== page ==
We’ve all been there. The swamp of despair is that rut you get into when you least expect it. Something happens to knock you out of your training routine. Holidays. Injury. Exams. Weather. Whatever – you missed a couple of sessions and all of a sudden, getting back into things seems impossible. Not only do you feel horribly guilty for the time you’ve missed, the thoughts of putting enough effort into escaping the gravitational pull of the rut feels impossible. In fact, your previous routine seems completely out of reach.
A few more days slip by and suddently the excuses are falling thick and fast.
“Well it’s been five days, I may as well make this a full week off. I’ll start properly on Monday.”
“I must be really tired. My body is telling me I need a break.”
“I think I’m getting a cold. Yup, my throat is really sore.”
Need help? Phone a Friend.
One of the reasons Rhona and I set up BitchMittens was because we realised that training together always gave better results. And that maybe a blog like this could help women who wanted to train to share their stories and feel less alone. Unless I’m in a solid routine, I would never get my ass in gear to train. There’s a pretty logical reason why we train harder in company. All of us are programmed to seek external validation and the approval of others. (I’m not saying that’s particularly healthy but that’s a whole other blog post) But having someone else to push us, encourage us, and indeed – validate our efforts – makes a real difference to how hard we work. And by we, I mean ME. I’ll own it! I’m way more likely to walk away mid-piece if I’m on my own. But when I train with Rhona she’ll look at me with her big blue eyes and say… “Get your arse back on that seat you lazy bitch!” And when the mental doubts come flocking “I can’t do this! I’m not good enough!” She’s there telling me otherwise. Some athletes don’t need the fanfare. They get all their validation from within. Good for them I say. But I am not one of those enlightened beings… yet And I say, never be too proud to ask a friend for a kick up the backside.
So I have a theory about will power. I developed this theory over the past three years, as a result of my horrible early morning commute. I am not an early riser. I would do anything – say anything – for five more minutes in bed. And so getting out of bed at 5am every week, especially when my mind only shut down at 1 or 2am, well that requires superhuman levels of my will-power. And I noticed, that on early start days, that those are the days that I make weaker decisions. Order white bread instead of brown. Take the lift instead of the stairs. Have cappucccino instead of green tea. Go to the pub instead of the gym. I have come to the conclusion that we humans have a finite amount of mental strength each day. If we use it all up at once doing things we find hard (like getting out of bed) it soon runs out!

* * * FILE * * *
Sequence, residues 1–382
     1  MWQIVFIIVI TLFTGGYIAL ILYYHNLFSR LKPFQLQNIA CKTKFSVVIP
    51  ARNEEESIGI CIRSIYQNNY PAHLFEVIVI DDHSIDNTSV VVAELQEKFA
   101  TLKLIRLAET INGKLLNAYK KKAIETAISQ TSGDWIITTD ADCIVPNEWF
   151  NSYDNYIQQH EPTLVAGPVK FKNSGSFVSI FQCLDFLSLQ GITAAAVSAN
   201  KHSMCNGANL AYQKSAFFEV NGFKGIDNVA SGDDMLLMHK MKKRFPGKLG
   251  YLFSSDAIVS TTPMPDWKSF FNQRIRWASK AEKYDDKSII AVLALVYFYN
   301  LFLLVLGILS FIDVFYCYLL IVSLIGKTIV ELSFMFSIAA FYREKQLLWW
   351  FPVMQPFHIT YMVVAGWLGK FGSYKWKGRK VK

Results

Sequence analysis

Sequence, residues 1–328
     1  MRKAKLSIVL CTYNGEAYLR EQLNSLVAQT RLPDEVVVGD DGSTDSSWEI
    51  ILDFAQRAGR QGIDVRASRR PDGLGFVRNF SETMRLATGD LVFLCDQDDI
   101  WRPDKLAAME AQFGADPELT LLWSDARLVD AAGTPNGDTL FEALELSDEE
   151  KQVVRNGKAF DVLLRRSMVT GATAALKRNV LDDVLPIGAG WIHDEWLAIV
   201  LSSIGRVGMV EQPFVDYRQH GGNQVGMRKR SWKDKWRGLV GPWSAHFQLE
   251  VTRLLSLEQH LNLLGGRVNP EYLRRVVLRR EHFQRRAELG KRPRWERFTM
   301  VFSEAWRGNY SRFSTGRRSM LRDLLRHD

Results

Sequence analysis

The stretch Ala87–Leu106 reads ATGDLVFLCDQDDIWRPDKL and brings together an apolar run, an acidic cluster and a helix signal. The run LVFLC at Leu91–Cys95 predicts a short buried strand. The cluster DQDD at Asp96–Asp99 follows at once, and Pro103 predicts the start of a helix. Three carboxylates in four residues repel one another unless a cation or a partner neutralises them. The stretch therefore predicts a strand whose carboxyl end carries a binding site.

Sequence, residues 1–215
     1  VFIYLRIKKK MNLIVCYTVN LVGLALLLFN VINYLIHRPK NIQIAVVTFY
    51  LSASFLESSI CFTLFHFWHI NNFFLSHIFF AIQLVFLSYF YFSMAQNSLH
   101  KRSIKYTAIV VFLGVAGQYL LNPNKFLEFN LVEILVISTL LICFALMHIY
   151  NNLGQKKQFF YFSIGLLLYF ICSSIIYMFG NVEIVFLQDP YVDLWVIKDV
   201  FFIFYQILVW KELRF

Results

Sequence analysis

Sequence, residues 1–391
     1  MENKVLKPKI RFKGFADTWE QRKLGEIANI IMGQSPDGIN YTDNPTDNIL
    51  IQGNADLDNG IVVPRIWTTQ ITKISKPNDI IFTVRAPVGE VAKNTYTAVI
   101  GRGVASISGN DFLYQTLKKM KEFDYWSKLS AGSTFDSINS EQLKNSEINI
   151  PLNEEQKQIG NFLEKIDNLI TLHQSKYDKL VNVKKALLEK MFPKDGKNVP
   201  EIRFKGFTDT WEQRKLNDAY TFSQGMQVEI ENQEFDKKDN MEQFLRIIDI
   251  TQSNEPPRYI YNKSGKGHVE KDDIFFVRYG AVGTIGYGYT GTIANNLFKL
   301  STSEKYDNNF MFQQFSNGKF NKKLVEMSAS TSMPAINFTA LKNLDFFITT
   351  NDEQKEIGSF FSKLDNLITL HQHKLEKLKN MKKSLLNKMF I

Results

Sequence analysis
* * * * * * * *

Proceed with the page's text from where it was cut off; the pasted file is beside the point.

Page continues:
So how can we adapt? The trick, I believe, is to minimise the effort we have to expend to get through the day. This means, making certain decisions in advance – so you don’t use up your will power. For example, I pack granola into my travel case the night before, so that I don’t have to will myself to turn down a breakfast roll on the way to work. I make as many decisions as I can in advance, when I’m not tired. I schedule training sessions the day before so I can’t wuss out. This is one of the reasons that training routines work, if you ask me. If you always go to the gym on Monday, then you don’t have to make a new decision, it’s already been made. After all – someone said – “Excellence is a habit, not a trait”.
I’ve also noticed that there are times when the reluctance to do anything is more than just a rut, and more than a dearth of will power. It’s a proper doldrom. A blog post from a friend of mine was really enlightening here. The guts of it was this: we are defined by the goals or quests that we set ourselves. That may be a marathon, a degree, or a project at work. When that quest is over, there are several natural phases, including ones of anti-climax and opting out. There’s even a book he mentions that talks about this – Lifelaunch – A Passionate Guide to the Rest of Your Life. And so, if you’ve reached a major milestone of achievement in your life, don’t be surprised if you find your routines, your attitudes and your will power all in a state of turmoil. Interesting idea isn’t it? What was your last milestone and how did you feel afterwards? Ready for action, or ready for a time out? Perhaps acknowledging what got you into your rut is the key for taking the first essential steps to getting out of it. That might be stress, a change in routine or even a major milestone. Being self aware is always a good start.
Bugger Philosophy. Fix Me!
Right, so you’re in a rut. Your folds of flesh have grafted themselves to the cushions of the sofa. You’re eating industrial sized bags of cheesy wotsits with a garden trowel and drinking pints of pinot grigio while wearing your old maternity trousers. At this stage, you’re worried that you’re beyond saving. It’s OK. Here’s the only thing you need to know.
Every moment is a new chance. Not tomorrow. Not Monday, but right this minute. All you need to do is make one small decision. Start with a shower. (Water has magical powers).
Six Ways To Escape the Swamp
- Call a friend. Ask for help.
- Check your willpower levels. What’s been sapping your reserves?
- Get some sleep. Lack of sleep is a major inconveneince for your body and mind.
- Drink water. According to models, athletes, doctors and my mum, dehydration is a killer.
- Take baby steps. Make every session, but give yourself a week or two to power up. Just showing up is a great start.
- Forgive yourself. Ruts happen to the best of us. The trick is getting out of them before it’s too late.